is to help define our future, to try and figure out the path that lies before
us, to focus on where we are going as well as where we have been.
Racing the Rez - Friday, Nov. 15 at 9
For the Navajo and Hopi, running is much more than a sport, it is woven
into the cultural fabric of their lives. Encouraged by their elders, many
Navajos and Hopis begin running at an early age - to greet the morning sun, to
prepare for a ceremony or simply to challenge themselves in the vast,
southwestern landscape. In the rugged canyon lands of Northern Arizona, Navajo
and Hopi cross-country runners from two rival high schools vie for the state
championship while striving to find their place among their native people and
the larger American culture. Win or lose, what they learn over the course of
two racing seasons has a dramatic effect on the rest of their lives. Combining
interviews with verite-style shooting, Racing
the Rez offers a rare view into the surprising complexity and diversity of
contemporary reservation life, from the point of view of five teenage boys on
the cusp of adulthood. The documentary follows Ryan, Dennis, Billy, Johnny and
Joyai from the classrooms to their remote, un-electrified homes, from grueling
runs across canyons and mesas to their ultimate day of reckoning - the state
meet - and beyond.
Apache 8 - Friday, Nov. 29 at 9
Apache 8 tells the story of an
all-women wildland firefighter crew from the White Mountain Apache Tribe who have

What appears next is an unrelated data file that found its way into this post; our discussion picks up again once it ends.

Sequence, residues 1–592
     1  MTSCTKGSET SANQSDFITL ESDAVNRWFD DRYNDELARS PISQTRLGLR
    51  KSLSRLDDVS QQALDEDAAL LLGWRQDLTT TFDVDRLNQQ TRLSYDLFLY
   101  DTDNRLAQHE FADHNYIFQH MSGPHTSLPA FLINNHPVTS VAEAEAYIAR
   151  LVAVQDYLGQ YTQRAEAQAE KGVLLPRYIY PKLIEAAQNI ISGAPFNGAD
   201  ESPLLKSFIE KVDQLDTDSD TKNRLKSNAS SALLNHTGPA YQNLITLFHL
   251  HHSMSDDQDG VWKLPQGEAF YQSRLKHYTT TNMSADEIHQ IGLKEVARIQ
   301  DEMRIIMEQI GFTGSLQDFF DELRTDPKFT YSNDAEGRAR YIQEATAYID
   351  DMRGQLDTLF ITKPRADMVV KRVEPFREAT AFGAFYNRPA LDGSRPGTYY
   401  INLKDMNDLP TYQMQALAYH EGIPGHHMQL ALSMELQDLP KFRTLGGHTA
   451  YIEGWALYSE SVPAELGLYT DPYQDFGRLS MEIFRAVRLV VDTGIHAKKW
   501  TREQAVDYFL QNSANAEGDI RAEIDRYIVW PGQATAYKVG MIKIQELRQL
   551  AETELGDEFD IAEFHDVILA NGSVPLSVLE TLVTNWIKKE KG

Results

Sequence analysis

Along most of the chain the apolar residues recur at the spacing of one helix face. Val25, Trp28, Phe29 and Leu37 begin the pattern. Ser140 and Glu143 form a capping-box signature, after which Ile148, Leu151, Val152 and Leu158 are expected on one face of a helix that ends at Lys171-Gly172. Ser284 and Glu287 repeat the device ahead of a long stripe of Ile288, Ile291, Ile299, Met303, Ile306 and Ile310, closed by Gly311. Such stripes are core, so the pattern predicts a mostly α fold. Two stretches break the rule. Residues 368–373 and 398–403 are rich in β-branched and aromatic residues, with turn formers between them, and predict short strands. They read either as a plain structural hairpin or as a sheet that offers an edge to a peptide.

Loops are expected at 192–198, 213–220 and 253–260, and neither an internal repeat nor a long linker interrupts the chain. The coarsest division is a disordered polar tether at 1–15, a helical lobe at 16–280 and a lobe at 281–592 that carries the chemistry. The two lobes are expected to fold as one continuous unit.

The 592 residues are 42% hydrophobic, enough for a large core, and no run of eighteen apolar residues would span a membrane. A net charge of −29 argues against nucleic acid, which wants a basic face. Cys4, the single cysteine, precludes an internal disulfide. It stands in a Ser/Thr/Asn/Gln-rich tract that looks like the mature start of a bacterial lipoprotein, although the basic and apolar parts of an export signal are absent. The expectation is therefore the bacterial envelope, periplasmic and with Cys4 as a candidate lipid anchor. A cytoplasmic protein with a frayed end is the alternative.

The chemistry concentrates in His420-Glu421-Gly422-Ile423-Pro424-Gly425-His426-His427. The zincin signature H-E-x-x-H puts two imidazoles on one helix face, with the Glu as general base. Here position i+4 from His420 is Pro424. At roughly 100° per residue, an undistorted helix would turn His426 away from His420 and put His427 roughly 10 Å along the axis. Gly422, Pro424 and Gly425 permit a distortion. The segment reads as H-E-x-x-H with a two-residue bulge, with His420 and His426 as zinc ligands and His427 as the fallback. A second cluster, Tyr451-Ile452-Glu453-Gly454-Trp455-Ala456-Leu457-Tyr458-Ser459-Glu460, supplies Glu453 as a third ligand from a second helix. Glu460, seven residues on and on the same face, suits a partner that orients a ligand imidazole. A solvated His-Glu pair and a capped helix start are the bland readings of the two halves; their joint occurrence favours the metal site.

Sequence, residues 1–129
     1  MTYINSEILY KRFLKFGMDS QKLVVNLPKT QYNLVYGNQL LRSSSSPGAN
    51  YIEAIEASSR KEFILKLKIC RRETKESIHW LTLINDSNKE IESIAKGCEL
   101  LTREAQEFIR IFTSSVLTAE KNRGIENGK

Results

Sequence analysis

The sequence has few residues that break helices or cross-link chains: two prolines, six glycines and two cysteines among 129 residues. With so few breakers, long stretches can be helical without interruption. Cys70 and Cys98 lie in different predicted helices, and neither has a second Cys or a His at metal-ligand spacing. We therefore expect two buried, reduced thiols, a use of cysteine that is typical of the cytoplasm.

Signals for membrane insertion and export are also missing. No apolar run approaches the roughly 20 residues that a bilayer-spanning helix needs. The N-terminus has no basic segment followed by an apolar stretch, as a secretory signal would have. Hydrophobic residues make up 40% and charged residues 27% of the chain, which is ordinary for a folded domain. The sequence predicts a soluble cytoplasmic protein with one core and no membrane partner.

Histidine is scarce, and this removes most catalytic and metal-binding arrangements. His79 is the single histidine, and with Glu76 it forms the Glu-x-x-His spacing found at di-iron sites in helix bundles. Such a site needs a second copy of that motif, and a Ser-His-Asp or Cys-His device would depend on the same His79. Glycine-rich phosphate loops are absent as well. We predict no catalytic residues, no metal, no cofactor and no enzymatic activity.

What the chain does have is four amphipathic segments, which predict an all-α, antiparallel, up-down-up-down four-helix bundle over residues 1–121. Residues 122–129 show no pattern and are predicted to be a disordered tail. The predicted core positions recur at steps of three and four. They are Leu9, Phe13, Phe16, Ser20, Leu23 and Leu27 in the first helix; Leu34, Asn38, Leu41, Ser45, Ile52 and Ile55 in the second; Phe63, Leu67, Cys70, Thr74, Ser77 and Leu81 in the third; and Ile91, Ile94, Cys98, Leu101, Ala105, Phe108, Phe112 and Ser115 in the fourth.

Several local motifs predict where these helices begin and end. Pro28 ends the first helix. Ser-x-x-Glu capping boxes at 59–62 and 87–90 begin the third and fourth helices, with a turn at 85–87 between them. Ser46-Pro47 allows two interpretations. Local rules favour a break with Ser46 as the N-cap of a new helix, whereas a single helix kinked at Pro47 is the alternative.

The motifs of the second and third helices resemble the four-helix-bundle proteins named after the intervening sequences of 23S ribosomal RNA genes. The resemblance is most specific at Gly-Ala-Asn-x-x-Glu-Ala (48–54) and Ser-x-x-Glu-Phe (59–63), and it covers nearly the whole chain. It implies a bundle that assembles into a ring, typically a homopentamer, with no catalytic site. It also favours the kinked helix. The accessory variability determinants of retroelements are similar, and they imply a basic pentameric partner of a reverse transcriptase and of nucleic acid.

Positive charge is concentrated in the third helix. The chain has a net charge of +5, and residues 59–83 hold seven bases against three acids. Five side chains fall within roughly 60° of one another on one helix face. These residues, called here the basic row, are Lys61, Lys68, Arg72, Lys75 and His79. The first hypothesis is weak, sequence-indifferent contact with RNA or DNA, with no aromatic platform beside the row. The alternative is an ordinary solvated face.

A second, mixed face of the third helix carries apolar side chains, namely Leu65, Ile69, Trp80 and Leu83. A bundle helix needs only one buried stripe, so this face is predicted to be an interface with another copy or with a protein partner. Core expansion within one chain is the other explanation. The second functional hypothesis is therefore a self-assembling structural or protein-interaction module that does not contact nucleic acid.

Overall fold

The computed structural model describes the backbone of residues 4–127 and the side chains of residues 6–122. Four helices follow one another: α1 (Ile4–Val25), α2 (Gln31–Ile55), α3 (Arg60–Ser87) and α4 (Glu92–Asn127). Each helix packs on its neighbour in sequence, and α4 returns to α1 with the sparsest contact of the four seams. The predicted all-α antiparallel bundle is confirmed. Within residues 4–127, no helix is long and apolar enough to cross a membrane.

been fighting fires in Arizona and throughout the U.S., for more than 30 years.
The film delves into the challenging lives of these Native firefighters. Four
extraordinary women from different generations of the Apache 8 crew share their
personal narratives with humor and tenderness. They speak of hardship and loss,
family and community, and pride in being a firefighter from Fort Apache. This
documentary weaves together a compelling tale of these remarkable firefighters,
revealed for the first time.
On-air, online and in the
community, KCET plays a vital role in the cultural and educational enrichment
of Southern and Central California. KCET offers a wide range of award-winning
local programming as well as the finest public television programs from around
the world. KCET currently produces the Emmy®, duPont-Columbia and Peabody
Award-winning SoCal Connected, a hard-hitting prime-time weekly
television news program that examines the issues and people of Southern
California. Throughout its 48-year history, KCET has won hundreds of major
awards for its local and regional news and public affairs programming, its
national drama and documentary productions, its quality educational family and
children's programs, its outreach and community services and its website,
kcet.org. KCET is a donor-supported community institution. For additional
information about KCET productions, web-exclusive content, programming
schedules and community events, please visit kcet.org. KCET is a service of